Romney was closer to Obama, than Trump is to Biden in the polls. So, whether Biden is at the peak of his mental fitness or brain dead, the strategy would be the same. Keep a lid on Biden and carefully manage his appearances. It would be political malpractice to do otherwise, especially when you risk exposing him to COVID. You can believe whatever speculation you want to believe about Biden’s health, but there is nothing suspicious about the campaign strategy.

              • Anoneuoid says:

                Obama had five trips outside of Washington in October of 2012. He had less than that in November.

                Making 1-2 trips per week isnt the same as avoiding public/media appearances. I don’t think the Biden campaign resembles either Obama campaign at all. I was hoping you would point to something from history I didnt directly experience.

        • jim says:

          I’m not even a whole century old and I get tired!

  10. Steve says:


    I think (hope) that the most appropriate analogy here is between Obama being to Biden as LBJ was to JFK. Obama and JFK were inspirational, but inexperienced. Biden and LBK will be the two most experienced legislators ever elected President, and therefore, perhaps Biden will be able to move legislation through Congress at a pace similar to LBJ. No one likes lawyers or politicians or proctologists, but with it comes to it, you want someone who knows how to root around in the sh*t. This is my hope at least. Whatever one’s political leanings, we just need certain problems dealt with.

  11. JDK says:

    Y’all need to move to a parliamentary system like your northern neighbors (and much of the rest of the world). You’re welcome!

    • Chris Wilson says:

      Proportional representation would be quite nice, yes. Honestly, we could do a lot with expanding the House + re-apportionment + non-partisan districting commissions. Would be clunkier probably, but easily within bounds of our current Constitution. The Presidency needs to be popular vote, full stop. Like, why is this even a question? Retain the Senate for the kernel of truth in the “geographic balance” argument, but probably end filibuster for good, and good Lord, add D.C. plus Puerto Rico. Lastly, something like –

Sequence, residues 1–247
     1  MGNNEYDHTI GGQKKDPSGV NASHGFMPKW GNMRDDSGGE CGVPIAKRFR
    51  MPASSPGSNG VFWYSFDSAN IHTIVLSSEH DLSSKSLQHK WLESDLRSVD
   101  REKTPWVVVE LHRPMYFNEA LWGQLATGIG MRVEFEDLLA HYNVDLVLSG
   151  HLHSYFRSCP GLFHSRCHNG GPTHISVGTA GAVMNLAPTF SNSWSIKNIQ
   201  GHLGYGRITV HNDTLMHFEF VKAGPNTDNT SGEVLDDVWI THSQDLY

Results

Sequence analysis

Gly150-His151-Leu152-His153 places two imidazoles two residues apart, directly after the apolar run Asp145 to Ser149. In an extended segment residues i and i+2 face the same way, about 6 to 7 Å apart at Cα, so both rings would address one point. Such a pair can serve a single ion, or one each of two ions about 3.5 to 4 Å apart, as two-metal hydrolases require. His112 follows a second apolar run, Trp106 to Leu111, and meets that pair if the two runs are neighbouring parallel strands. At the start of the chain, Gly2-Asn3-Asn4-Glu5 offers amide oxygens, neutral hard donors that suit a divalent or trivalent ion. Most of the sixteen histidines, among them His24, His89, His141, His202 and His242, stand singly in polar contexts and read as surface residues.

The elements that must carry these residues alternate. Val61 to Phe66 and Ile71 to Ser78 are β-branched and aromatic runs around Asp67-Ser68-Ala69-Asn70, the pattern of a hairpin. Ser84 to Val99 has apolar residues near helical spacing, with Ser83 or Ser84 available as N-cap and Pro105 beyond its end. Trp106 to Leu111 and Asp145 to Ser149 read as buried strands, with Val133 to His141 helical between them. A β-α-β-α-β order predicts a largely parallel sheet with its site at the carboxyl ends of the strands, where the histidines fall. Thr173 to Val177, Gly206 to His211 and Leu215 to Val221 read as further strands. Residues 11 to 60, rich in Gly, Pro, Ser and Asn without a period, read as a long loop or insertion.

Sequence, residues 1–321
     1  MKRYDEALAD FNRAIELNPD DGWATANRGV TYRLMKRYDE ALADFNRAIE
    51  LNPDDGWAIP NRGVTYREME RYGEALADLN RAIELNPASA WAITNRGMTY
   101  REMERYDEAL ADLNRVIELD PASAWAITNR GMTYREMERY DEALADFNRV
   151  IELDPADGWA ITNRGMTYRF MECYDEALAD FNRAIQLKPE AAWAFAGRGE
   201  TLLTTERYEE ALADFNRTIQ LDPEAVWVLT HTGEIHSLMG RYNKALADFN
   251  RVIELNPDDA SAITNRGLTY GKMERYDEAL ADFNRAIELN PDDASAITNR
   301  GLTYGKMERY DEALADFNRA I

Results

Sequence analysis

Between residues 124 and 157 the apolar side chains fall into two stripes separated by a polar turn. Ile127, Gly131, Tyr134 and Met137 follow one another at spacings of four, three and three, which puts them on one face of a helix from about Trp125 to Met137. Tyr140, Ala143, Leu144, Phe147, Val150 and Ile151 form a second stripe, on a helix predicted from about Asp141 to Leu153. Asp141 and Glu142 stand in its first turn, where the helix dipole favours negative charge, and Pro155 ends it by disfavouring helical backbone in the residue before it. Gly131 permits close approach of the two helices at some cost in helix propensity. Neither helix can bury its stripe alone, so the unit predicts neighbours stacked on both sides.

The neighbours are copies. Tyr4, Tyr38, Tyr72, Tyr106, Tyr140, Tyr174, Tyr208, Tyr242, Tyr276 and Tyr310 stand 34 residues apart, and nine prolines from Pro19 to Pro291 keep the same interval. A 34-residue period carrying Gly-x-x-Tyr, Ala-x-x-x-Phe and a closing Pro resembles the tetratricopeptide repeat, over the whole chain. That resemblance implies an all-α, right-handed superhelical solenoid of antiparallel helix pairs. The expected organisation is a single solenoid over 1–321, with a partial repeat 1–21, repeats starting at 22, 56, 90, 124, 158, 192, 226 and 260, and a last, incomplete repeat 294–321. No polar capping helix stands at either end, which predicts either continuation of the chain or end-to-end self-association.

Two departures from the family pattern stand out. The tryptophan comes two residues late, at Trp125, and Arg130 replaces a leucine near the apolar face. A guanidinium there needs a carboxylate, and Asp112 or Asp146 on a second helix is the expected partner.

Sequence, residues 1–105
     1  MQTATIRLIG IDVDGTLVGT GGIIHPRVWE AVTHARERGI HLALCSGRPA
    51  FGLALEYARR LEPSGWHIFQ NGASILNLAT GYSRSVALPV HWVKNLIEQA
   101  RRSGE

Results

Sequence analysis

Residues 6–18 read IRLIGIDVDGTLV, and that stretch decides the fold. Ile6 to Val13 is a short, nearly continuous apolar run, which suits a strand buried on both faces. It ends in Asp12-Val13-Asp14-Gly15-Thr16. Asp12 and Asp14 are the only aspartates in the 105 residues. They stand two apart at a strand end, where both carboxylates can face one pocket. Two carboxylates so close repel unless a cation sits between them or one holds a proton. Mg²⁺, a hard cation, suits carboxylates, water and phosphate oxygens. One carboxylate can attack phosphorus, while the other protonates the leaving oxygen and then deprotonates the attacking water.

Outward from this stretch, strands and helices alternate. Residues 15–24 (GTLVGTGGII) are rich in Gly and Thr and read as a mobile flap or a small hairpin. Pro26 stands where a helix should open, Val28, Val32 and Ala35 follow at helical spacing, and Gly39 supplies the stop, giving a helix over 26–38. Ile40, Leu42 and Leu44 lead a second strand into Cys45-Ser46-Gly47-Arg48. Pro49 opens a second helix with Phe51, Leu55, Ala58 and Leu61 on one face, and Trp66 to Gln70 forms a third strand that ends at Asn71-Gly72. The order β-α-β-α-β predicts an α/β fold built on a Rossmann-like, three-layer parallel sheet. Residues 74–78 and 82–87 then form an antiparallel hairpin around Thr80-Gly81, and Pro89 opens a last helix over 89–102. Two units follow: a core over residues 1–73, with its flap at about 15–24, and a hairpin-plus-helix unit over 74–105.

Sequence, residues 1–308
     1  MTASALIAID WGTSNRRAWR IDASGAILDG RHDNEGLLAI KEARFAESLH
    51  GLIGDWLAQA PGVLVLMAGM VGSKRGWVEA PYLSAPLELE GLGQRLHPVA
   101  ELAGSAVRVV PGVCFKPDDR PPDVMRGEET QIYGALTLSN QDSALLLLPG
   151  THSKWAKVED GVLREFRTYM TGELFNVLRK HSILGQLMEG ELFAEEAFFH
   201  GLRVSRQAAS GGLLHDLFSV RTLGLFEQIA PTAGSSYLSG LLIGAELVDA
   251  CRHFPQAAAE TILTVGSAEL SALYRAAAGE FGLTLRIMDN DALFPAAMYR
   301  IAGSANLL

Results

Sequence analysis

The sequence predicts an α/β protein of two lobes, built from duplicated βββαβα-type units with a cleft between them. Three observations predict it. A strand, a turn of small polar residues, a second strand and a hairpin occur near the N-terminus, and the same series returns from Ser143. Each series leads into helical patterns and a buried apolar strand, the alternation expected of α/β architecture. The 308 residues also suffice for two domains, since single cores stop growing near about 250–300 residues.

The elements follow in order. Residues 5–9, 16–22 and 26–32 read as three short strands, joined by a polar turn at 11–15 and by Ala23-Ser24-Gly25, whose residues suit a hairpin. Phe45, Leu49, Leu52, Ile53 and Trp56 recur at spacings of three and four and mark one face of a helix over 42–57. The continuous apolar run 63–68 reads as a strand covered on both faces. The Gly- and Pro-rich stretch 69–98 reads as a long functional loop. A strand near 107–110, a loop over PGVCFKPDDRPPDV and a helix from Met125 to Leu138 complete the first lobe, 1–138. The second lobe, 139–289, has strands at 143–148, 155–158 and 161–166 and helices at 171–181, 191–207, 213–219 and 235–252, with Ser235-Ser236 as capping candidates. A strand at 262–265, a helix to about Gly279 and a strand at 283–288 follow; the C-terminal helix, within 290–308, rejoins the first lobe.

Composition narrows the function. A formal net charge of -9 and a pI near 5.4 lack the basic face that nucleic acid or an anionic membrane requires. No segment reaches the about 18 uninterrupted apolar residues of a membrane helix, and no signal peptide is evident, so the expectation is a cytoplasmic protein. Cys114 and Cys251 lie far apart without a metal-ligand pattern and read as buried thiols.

Yea…we have a lot of shit to do to restore a functioning democratic Republic over here. This list seems like a lot, but is already abbreviated and full of compromises :)

      • confused says:

        >>The Presidency needs to be popular vote, full stop. Like, why is this even a question?

        Because amending the Constitution requires not only Congress but a supermajority of states, and there’s no clear reason why states that would lose relative power would agree.

        It would have to be “packaged” with something that those states wanted, at the very least.

        • Andrew says:


          You may be right in this particular case, but, in general, states can ratify amendments without this sort of packaging. For example, fifty years ago the states ratified the amendment allowing 18-year-olds to vote.

          • confused says:

            Sure, not for amendments in general… but I don’t think that amendment gave a clear benefit to some states at the expense of others.